5. In this connection it is worthwhile referring to the provisions of section 397 of the Criminal Procedure Code. Under the said section it will be seen that the revisional power of Sessions Court is co-extensive with that of the High Court. It is not dispute and in fact it cannot be disputed that this Court gets the power to revise the order of acquittal passed by the trial Court only under section 395. If the power given to the High Court under said section 395, therefore, extends to revising the order of acquittal passed by the trial Court and if the revisional power of the Sessions Court under section 397 is co-extensive with that of the High Court, it follows that the Sessions Court has as mush power to entertain a revision application against the order of acquittal passed by the judicial Magistrate in the District as is had by the High Court. My attention was not invited to any other provisions of the Code by virtue of which the Sessions Court's power is side to have been curtailed or restricted. It may be the High Court has wider power that the Session Court in connection with the orders passed by the trial Court; but that is not because its revisional jurisdiction is wider. The larger power wielded by the High Court stems from other provisions of the Code such as section 482 of the Code or from Articles 226 and 227 of the Constitution as also from the inherent power of High Court function as High Court. The plea that the Session Court does not have power to entertain revision application against the order of acquittal does not to my mind, owe its legal justification to any statutory provision.
6. This does not mean that this Court does not have the revisional power. But in the instant case it would be in the fitness of things that the question adjudicated before me is decided by the Session Court itself. This is so because the Sessions Court is already dealing with the connected questions in the two appeals pending before itself as mentioned above. The question before the Sessions Court is as to whether the truck should be returned to the accused or to the complainant. It is bound to be that the question will be very much influence by the question as to whether the property in the truck vested in the complainant or the deceased and the question about the offence, if any, committed by the accused will be substantially conditioned by the decision on the said question. It is, therefore, quite like that the Session Court might hold in its appellate jurisdiction that the truck belongs to the complainant whereas this Court, in its revisional jurisdiction, which is from the nature of things limited as compared with appellate jurisdiction, might come to the conclusion that the truck belongs to the accused. This is bound to result in embarrassing position. Moreover, entertaining this revisional application in the Court when the two appeals are already pending in the Sessions Court will be, to a large extent, application of work.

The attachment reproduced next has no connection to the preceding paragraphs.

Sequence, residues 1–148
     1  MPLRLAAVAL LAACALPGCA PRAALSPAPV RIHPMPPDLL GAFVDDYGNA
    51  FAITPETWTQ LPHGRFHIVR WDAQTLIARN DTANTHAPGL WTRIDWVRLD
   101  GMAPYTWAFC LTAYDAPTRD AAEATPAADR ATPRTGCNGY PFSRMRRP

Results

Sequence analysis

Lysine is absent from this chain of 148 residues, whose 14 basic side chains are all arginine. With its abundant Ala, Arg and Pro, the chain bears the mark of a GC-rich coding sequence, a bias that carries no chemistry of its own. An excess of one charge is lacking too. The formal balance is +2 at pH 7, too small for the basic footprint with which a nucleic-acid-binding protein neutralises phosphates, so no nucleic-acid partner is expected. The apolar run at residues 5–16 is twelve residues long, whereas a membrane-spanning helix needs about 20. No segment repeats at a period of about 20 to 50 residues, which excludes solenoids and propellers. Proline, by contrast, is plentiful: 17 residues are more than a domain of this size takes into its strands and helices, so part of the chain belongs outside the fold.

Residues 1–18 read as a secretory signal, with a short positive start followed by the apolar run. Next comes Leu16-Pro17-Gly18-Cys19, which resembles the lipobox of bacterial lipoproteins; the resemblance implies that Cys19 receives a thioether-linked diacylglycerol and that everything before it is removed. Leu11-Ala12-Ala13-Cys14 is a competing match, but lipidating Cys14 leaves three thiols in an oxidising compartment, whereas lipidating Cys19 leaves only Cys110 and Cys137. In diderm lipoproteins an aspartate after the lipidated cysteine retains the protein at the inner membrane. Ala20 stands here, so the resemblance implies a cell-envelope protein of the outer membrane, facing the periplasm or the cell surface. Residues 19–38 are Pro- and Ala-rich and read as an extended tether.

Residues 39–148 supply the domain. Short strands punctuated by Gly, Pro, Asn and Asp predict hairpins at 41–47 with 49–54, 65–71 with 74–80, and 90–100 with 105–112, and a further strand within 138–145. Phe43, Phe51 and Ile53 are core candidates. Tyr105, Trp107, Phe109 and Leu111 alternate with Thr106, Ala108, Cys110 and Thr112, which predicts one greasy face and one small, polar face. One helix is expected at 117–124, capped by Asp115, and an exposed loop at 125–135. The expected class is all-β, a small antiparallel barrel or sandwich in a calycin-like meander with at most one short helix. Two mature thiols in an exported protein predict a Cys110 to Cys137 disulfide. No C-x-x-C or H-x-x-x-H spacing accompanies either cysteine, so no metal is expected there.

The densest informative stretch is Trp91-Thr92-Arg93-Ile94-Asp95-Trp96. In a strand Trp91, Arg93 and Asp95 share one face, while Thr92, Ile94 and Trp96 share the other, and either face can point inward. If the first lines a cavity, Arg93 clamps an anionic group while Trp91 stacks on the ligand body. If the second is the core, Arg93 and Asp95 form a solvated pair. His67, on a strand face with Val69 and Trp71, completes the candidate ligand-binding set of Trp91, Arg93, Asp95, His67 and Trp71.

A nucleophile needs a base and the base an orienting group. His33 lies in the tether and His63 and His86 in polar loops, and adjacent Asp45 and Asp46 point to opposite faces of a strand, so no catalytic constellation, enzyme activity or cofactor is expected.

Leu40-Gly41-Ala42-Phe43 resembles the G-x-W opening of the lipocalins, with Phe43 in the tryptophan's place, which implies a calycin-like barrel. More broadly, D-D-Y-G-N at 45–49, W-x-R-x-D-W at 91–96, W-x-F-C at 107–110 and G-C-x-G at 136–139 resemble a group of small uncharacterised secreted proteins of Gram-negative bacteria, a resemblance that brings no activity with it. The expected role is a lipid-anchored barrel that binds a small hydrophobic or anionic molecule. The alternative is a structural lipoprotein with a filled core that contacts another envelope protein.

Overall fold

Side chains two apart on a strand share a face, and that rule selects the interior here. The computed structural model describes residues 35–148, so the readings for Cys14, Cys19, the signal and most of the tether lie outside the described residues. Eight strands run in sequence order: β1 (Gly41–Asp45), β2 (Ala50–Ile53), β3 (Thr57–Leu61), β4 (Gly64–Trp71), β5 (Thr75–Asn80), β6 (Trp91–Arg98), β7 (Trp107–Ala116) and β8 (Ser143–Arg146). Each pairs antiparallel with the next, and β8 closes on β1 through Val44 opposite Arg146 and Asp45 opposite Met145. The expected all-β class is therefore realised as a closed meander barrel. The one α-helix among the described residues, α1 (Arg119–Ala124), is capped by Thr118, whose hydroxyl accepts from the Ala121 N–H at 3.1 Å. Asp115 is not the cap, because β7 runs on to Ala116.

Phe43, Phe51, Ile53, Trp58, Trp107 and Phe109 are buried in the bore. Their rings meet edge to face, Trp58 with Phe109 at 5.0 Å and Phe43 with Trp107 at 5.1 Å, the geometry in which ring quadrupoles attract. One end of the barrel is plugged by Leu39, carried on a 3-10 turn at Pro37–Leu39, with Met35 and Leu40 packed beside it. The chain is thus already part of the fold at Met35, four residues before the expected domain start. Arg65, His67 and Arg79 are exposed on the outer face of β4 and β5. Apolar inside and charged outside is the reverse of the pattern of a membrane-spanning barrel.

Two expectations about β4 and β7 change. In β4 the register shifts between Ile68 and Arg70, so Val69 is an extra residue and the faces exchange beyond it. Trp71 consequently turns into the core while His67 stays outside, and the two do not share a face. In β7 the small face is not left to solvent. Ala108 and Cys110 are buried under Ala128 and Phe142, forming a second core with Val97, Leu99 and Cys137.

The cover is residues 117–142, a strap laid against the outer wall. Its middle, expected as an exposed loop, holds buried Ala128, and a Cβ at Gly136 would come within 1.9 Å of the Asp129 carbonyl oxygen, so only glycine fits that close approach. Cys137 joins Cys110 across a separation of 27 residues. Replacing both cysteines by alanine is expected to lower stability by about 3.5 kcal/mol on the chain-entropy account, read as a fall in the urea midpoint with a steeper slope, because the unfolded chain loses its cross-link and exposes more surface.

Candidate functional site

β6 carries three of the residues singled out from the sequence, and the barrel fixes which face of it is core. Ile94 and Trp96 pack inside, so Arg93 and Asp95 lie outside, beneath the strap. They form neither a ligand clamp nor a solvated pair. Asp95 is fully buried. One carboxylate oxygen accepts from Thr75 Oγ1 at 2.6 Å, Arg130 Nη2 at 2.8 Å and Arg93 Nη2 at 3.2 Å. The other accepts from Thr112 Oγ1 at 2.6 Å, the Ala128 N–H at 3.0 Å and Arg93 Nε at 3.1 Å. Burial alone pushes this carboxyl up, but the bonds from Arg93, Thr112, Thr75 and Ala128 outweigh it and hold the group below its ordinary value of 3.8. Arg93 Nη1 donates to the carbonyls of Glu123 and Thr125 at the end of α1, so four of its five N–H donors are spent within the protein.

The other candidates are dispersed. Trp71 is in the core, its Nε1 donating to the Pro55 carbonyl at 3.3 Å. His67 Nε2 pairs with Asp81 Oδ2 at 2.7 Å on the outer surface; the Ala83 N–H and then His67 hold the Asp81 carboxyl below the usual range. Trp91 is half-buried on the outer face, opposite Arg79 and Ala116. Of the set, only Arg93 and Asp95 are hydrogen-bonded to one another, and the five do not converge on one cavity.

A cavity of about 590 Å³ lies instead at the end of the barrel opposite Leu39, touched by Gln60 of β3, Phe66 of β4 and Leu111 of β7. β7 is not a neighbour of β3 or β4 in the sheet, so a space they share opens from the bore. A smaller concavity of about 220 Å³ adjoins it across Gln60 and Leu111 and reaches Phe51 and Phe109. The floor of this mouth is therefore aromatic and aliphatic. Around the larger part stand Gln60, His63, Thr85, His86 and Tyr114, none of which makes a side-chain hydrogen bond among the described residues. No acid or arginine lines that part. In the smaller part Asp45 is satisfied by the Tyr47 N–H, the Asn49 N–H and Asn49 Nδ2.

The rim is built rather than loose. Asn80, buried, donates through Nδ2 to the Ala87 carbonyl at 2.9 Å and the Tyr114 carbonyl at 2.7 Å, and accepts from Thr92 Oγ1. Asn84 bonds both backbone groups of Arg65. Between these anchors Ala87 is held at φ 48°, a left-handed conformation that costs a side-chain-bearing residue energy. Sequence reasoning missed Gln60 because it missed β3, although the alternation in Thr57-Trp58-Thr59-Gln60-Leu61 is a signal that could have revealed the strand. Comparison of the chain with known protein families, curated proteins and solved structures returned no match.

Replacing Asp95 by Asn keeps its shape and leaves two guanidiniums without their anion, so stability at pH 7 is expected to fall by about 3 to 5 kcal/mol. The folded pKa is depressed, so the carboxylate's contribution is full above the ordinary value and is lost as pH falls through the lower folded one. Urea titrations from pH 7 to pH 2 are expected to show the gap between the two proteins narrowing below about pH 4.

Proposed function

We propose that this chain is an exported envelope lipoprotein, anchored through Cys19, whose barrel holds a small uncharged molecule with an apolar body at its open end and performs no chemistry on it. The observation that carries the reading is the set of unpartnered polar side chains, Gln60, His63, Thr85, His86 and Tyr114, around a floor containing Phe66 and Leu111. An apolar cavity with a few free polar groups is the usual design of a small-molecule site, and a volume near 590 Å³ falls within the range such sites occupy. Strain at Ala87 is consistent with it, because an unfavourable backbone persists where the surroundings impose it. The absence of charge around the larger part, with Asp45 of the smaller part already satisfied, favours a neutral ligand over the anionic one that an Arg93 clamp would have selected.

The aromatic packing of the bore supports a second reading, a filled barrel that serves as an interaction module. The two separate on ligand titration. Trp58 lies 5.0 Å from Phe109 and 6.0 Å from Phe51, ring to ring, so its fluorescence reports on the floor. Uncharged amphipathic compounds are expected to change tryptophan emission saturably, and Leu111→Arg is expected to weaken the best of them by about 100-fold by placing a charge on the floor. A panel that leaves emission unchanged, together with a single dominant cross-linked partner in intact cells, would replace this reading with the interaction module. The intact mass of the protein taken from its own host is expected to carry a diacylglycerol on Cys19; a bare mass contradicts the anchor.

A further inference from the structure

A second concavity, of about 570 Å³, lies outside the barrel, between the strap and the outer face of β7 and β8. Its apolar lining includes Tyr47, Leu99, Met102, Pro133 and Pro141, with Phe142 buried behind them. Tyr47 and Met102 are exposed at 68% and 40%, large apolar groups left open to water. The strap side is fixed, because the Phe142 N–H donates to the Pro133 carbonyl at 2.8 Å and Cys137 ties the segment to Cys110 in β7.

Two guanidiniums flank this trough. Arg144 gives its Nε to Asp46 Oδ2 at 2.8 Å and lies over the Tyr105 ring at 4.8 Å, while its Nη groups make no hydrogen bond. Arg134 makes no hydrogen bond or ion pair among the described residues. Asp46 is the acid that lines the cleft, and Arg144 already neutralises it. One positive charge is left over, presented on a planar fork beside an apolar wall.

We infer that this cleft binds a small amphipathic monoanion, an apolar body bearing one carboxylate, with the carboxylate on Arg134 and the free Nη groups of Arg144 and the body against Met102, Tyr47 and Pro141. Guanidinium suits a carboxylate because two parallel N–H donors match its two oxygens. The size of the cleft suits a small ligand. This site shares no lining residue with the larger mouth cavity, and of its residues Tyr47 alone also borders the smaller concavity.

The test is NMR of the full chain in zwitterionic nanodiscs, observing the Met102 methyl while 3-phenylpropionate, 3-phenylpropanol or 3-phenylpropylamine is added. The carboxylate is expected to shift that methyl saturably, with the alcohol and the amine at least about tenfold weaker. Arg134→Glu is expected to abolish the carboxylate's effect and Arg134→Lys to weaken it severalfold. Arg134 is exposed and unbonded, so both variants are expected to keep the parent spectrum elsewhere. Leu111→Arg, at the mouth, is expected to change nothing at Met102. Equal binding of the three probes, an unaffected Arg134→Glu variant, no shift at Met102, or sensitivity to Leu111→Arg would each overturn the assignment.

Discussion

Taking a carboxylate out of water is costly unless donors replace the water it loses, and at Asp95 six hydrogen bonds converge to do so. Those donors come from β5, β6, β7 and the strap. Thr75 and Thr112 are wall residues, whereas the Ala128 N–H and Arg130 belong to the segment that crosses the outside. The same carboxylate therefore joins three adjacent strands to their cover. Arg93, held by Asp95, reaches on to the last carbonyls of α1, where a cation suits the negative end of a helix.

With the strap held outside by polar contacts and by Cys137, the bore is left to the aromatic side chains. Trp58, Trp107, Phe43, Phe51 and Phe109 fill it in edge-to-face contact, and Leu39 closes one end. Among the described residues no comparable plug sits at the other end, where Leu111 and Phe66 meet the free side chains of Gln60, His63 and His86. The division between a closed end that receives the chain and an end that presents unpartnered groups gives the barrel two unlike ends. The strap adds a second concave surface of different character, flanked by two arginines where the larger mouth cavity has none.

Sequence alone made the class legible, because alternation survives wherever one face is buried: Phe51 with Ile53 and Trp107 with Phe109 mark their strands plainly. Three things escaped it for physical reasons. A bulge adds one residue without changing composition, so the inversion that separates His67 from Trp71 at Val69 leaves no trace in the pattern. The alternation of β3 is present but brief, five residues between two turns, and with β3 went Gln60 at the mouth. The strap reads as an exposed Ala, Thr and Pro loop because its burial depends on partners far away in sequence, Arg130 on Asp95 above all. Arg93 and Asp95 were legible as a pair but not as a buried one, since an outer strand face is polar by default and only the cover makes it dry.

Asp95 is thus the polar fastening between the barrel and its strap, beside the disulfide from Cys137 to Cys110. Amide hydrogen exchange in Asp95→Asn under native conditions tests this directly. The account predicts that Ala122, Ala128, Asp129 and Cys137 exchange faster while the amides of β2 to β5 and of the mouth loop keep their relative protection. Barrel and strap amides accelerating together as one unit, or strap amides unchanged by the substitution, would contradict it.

7. In this connection reference can be fruitfully made to section 402 of the Code. That section contemplates situation where one of the accused in any proceedings, convicted by the trial Court, may file a revision application to the Sessions Court whereas another accused convicted in the same trial might file a revision application to the High Court. In these circumstances the High Court is empowered either to transfer the revision application pending before itself to the Sessions Court or to have transferred the revision application pending before the Sessions Court to itself. The rationale of this section can be readily seen. It is an attempt to obviate duplication of work .
8. To my mind, in the present case, similar order should be passed upon the analogy of section 402 of the Code. It is true that section 402 does not directly applies to the facts of the present case, because in this case the appeal to the Sessions Court and the revisional application to this Court is filed by the same person. All the same the principle involved in section 402 applies with equal vigour to the facts of the present case and in the peculiar facts of this case it would be eminently necessary that the present revision application should be heard by the Session Court.
9. I, therefore, direct that this revision application should be transferred to the Sessions/Court at Aurangabad and the same should be heard by the learned Sessions Judge alongwith Appeal No. 17 of 1985 filed by the State Government against the order of Judicial Magistrate and also along with Criminal Appeal No. 98 of 1984 filed by the present petitioner against the said order.
10. By this order the revision application stands disposed of.